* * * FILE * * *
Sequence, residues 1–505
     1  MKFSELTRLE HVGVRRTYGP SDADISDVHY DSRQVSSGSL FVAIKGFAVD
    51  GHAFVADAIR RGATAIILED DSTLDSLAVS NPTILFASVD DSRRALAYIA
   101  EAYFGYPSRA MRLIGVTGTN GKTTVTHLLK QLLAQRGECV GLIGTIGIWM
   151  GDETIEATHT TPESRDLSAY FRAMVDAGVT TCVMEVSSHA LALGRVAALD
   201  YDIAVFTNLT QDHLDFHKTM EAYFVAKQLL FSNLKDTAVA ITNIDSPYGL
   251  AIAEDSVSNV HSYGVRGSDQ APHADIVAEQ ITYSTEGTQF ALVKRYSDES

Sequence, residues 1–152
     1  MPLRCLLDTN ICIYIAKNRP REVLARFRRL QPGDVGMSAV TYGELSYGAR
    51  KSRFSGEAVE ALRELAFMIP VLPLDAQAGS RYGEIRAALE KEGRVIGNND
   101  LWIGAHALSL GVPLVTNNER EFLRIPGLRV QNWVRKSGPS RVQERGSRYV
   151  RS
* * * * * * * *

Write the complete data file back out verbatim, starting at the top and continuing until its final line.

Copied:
Sequence, residues 1–505
     1  MKFSELTRLE HVGVRRTYGP SDADISDVHY DSRQVSSGSL FVAIKGFAVD
    51  GHAFVADAIR RGATAIILED DSTLDSLAVS NPTILFASVD DSRRALAYIA
   101  EAYFGYPSRA MRLIGVTGTN GKTTVTHLLK QLLAQRGECV GLIGTIGIWM
   151  GDETIEATHT TPESRDLSAY FRAMVDAGVT TCVMEVSSHA LALGRVAALD
   201  YDIAVFTNLT QDHLDFHKTM EAYFVAKQLL FSNLKDTAVA ITNIDSPYGL
   251  AIAEDSVSNV HSYGVRGSDQ APHADIVAEQ ITYSTEGTQF ALVKRYSDES

Sequence, residues 1–152
     1  MPLRCLLDTN ICIYIAKNRP REVLARFRRL QPGDVGMSAV TYGELSYGAR
    51  KSRFSGEAVE ALRELAFMIP VLPLDAQAGS RYGEIRAALE KEGRVIGNND
   101  LWIGAHALSL GVPLVTNNER EFLRIPGLRV QNWVRKSGPS RVQERGSRYV
   151  RS